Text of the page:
Ecology of native bees in North Taranaki, New Zealand : a thesis presented in partial fulfilment of the requirements for the degree of Master of Science in Zoology at Massey University, Manawatū, New Zealand

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Studies are increasingly finding that native bees are important pollinators in many systems, in both natural and agricultural settings. With the possible loss of honey bees due to various reasons, it has become clear that relying on major pollinator for the world’s pollination needs is problematic. Instead, we must look to native, wild pollinators, such as solitary bees, to avoid declines in pollination rates. However, these native bees are at risk from a number of different factors worldwide including habitat destruction and degradation for agriculture, climate change, and pesticide use. It is therefore important to have a clear idea of the state of native pollinators, to assess how they are affected by these risks. This thesis gives a novel insight into the abundance and diversity of native bee species in the northern Taranaki area, New Zealand. I examined three main research questions concerning potential threats to native bees: how native bees are affected by varying land uses; how the abundances of native bees respond to different weather variables; and what the floral preferences of native bees in this region are. 572 bees from seven species were caught during the study. Overall, perhaps surprisingly, the abundance of native bees was positively associated with an increase in agricultural intensity and exotic vegetation. However, the results of this study show that species of native bees may respond differently to land use changes -the abundance of the three species of native bees that were collected frequently enough to measure preferences (L. paahaumaa, L. sordidum, and L. cognatum) all showed neutral to positive responses to an increase in agricultural intensity. Whereas, other species were caught much less frequently and may require more native habitat for persistence. This study also showed that weather has a significant impact on the likelihood of encountering native bees, specifically temperature, wind speed, and cloud cover. This study indicated that these native bees have varying levels of generalisation, and differing preferences for native or introduced plants, when it comes to their floral preferences. The results indicated that the three common species (L. paahaumaa, L. sordidum, and L. cognatum) all forage on many different plant species, including both introduced and native species. This ability to forage on both native and introduced flora may explain the ability of these bees to inhabit areas of high agricultural intensity, while others cannot. This thesis identified some of the potential threats to native bees in New Zealand and how they may impact native bee populations in North Taranaki. An understanding of these impacts is vital for future conservation management of native bees in New Zealand.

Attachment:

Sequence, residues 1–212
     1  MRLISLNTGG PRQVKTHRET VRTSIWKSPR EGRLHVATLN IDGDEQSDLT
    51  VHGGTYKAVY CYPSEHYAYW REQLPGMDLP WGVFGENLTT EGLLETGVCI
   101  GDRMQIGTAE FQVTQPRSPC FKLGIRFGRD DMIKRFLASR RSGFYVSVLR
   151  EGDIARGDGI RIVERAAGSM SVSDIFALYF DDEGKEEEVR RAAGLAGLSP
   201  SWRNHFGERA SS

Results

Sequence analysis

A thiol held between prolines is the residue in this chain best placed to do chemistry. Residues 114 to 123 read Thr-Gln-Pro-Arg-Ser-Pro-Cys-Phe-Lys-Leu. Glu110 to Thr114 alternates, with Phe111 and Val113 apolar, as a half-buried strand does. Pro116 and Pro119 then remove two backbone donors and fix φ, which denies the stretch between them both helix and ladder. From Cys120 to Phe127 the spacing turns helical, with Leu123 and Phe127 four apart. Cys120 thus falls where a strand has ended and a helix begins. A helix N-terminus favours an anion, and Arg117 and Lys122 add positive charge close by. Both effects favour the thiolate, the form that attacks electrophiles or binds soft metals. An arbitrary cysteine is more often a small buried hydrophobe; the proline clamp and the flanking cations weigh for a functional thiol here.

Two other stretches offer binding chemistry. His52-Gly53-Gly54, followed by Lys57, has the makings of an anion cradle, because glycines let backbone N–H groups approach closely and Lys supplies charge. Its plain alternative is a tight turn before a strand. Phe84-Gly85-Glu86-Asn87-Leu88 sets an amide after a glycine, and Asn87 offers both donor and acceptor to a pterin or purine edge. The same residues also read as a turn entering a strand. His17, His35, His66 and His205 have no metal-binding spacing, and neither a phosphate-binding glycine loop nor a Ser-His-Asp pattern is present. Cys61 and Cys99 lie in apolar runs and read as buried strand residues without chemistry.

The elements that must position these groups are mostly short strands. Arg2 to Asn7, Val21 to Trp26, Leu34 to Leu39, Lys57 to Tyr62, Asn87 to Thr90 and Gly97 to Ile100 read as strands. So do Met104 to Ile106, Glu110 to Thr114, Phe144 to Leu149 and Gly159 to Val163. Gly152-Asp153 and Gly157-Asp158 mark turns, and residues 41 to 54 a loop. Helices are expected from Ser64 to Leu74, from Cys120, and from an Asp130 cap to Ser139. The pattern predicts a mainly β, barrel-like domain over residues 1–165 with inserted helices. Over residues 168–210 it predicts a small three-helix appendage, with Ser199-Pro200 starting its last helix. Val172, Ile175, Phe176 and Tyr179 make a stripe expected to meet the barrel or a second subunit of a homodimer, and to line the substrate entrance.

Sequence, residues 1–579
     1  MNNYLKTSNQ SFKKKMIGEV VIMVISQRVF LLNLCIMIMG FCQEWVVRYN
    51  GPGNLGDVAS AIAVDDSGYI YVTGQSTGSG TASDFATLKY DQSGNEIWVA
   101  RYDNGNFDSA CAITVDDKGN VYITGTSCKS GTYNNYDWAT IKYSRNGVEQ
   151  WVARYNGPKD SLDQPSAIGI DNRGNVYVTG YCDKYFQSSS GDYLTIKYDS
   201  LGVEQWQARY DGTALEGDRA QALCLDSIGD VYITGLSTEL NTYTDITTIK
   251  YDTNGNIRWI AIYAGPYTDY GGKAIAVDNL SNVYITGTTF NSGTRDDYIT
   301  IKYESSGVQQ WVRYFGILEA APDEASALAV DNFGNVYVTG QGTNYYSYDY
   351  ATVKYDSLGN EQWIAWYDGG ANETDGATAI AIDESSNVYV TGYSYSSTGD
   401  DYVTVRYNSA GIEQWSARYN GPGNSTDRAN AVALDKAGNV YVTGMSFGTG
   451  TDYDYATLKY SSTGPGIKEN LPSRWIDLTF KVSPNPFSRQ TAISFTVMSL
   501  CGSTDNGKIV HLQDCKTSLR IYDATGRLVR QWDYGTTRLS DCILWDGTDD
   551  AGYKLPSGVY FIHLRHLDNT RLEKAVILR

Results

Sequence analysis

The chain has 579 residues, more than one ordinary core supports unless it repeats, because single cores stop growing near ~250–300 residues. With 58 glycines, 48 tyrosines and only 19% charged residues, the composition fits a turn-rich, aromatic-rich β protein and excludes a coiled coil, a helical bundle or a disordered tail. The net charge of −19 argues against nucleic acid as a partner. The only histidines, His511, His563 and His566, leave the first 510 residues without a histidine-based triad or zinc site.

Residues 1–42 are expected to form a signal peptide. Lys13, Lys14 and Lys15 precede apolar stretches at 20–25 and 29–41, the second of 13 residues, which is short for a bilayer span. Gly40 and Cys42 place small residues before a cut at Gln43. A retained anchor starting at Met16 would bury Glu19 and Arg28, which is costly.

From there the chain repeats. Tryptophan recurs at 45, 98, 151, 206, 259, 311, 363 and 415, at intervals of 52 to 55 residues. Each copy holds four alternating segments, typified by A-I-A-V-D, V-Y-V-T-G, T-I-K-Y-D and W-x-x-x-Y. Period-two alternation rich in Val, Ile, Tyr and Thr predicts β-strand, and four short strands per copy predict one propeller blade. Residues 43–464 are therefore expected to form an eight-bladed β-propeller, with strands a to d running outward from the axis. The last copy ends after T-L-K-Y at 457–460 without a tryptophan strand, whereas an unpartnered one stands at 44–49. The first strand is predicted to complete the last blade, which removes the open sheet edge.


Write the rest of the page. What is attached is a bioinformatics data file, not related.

Bees -- Ecology -- New Zealand -- Taranaki, Bees -- Habitat -- New Zealand -- Taranaki, Bees -- Feeding and feeds -- New Zealand -- Taranaki